Despite Chanel’s globe-trotting outreach, Pavlovsky noted the company still faces strong demand from clients to attend its couture shows, which have featured spectacular sets, including one with a 40-foot golden lion last July. This season, Lagerfeld chose the more intimate environs of the Pavillon Cambon Capucines, yet Pavlovsky said expectations are always high for the decor, ambience and the clothes.

In general, though, the number of practitioners, and the scale of couture shows, has contracted in recent years.

Givenchy, which reverted to an installation format last July, citing a wish to make couture more exclusive, said it was a boon for business.

“The clients have increased because of our intimate presentation. They prefer not to be seen with a show context,” Malverdi said. He said the novelty of the format change also led to a bump in editorial coverage.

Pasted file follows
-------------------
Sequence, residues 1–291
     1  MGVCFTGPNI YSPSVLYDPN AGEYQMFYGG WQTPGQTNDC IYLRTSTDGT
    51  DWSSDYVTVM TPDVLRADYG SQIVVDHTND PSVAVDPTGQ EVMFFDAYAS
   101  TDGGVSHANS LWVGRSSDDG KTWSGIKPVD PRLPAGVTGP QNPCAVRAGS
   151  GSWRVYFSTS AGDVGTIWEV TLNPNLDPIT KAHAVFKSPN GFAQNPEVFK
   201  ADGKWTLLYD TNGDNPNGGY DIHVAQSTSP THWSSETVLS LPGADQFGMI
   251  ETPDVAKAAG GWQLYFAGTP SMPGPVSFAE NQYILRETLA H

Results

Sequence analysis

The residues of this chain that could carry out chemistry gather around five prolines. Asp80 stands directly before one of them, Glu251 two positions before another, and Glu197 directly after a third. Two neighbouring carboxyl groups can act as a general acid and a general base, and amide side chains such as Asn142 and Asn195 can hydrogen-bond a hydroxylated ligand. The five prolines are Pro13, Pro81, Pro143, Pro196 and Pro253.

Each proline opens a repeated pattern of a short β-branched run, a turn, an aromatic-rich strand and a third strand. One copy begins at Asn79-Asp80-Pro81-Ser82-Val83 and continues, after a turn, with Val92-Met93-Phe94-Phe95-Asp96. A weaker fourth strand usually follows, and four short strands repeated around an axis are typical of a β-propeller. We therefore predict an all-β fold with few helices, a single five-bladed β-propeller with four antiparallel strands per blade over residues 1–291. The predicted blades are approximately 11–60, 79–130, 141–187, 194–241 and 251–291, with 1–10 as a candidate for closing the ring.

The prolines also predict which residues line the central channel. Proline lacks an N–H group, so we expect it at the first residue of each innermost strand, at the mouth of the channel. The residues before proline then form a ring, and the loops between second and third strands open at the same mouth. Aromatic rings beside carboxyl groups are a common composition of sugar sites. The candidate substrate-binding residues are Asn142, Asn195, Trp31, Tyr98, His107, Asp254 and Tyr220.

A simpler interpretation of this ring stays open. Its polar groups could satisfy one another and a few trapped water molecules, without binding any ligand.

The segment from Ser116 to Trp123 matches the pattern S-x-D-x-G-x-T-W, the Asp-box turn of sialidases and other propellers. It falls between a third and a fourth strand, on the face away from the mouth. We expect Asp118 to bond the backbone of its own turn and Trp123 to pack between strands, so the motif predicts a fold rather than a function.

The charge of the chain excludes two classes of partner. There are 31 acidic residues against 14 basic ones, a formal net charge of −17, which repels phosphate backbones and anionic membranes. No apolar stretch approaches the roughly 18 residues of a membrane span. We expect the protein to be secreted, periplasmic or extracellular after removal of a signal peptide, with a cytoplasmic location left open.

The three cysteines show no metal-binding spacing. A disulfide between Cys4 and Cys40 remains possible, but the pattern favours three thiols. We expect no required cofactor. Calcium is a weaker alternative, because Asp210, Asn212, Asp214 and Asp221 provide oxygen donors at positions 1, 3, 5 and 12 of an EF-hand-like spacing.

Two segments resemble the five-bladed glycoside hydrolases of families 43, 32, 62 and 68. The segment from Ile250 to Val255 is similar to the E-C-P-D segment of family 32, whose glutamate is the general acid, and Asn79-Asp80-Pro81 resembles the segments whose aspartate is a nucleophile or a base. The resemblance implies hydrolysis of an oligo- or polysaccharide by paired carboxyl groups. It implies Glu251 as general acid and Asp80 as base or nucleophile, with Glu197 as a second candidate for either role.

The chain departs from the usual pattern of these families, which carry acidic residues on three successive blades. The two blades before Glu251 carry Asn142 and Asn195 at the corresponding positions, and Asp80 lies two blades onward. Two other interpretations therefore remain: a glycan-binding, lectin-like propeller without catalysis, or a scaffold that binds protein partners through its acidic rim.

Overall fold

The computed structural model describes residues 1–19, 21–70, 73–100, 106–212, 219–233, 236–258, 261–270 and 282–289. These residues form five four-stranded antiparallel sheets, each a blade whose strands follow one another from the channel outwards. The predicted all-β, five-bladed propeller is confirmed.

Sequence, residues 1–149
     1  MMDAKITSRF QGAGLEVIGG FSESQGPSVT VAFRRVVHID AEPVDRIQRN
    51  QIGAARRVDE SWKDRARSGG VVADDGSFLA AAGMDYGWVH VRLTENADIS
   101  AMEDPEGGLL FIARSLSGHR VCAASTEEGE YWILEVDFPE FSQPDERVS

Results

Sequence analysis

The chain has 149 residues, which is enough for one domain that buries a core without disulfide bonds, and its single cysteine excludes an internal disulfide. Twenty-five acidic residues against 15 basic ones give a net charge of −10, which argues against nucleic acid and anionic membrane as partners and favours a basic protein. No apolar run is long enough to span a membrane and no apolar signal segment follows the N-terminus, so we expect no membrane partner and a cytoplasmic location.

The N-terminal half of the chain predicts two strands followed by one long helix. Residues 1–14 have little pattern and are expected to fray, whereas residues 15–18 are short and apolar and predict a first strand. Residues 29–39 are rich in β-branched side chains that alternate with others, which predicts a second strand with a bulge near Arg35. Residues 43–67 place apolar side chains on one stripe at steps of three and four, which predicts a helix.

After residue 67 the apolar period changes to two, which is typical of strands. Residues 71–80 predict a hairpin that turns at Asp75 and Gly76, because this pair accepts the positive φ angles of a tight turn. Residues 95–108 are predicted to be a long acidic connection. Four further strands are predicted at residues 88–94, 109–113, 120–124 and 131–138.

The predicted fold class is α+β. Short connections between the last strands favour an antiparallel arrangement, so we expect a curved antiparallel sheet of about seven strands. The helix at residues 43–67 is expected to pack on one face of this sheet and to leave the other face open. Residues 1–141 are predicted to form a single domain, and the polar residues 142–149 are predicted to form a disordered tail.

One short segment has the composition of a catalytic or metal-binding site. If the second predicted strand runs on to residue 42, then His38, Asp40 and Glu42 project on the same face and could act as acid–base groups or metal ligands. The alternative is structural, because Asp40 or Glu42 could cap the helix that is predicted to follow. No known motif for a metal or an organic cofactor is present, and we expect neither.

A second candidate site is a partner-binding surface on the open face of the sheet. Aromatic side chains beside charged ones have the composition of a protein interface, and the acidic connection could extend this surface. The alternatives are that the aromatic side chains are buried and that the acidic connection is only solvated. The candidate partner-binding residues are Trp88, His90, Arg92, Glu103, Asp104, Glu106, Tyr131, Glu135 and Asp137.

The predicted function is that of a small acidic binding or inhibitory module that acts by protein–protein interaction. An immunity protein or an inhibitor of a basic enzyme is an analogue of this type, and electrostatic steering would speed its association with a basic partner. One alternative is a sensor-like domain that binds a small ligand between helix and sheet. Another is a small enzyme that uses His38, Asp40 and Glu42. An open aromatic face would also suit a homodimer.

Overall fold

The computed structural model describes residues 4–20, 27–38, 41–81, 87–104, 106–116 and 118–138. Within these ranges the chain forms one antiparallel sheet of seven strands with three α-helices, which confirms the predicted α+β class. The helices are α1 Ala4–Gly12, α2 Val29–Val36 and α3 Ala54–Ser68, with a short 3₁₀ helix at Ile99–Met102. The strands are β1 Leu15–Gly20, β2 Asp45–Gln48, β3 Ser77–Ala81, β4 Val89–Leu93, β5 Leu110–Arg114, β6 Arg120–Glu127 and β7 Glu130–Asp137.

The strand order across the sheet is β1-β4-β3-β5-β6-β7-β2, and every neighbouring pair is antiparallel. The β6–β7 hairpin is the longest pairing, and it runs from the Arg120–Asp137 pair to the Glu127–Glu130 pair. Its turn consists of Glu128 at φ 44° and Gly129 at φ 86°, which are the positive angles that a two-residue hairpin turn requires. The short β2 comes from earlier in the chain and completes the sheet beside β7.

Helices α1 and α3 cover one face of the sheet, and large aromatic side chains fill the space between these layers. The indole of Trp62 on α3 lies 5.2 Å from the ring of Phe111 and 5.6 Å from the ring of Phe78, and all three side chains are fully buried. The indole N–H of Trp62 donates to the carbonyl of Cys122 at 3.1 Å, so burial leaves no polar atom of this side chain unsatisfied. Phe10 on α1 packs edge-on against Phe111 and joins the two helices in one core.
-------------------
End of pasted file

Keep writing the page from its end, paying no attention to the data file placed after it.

“This change makes couture even more special — more elaborate and luxurious pieces, showcasing the atelier’s craftsmanship,” he said.

At Jean Paul Gaultier, deputy managing director Caroline Le Borgne cited a “spectacular” return of American clients last year after a “very difficult” 2009, and an increase from all other markets. “For the moment, nothing tells us we won’t have a great year,” she said.

Gaultier reprised his summer couture show in Moscow last May, reinforcing its couture image before a young clientele. Le Borgne held out hope its couture-intensive 30th anniversary retrospective — which makes its debut at the Museum of Fine Art in Montreal in June and then travels to Dallas and San Francisco — would bolster the brand’s profile in those markets.

To be sure, couture’s penumbra effect touches product development and brand perception.

Said Armani’s Hooks: “As we move into new areas for the brand, like hotels and resorts, for example, it is important to keep couture there as a reminder of where Armani comes from: the dreams of a fashion designer.”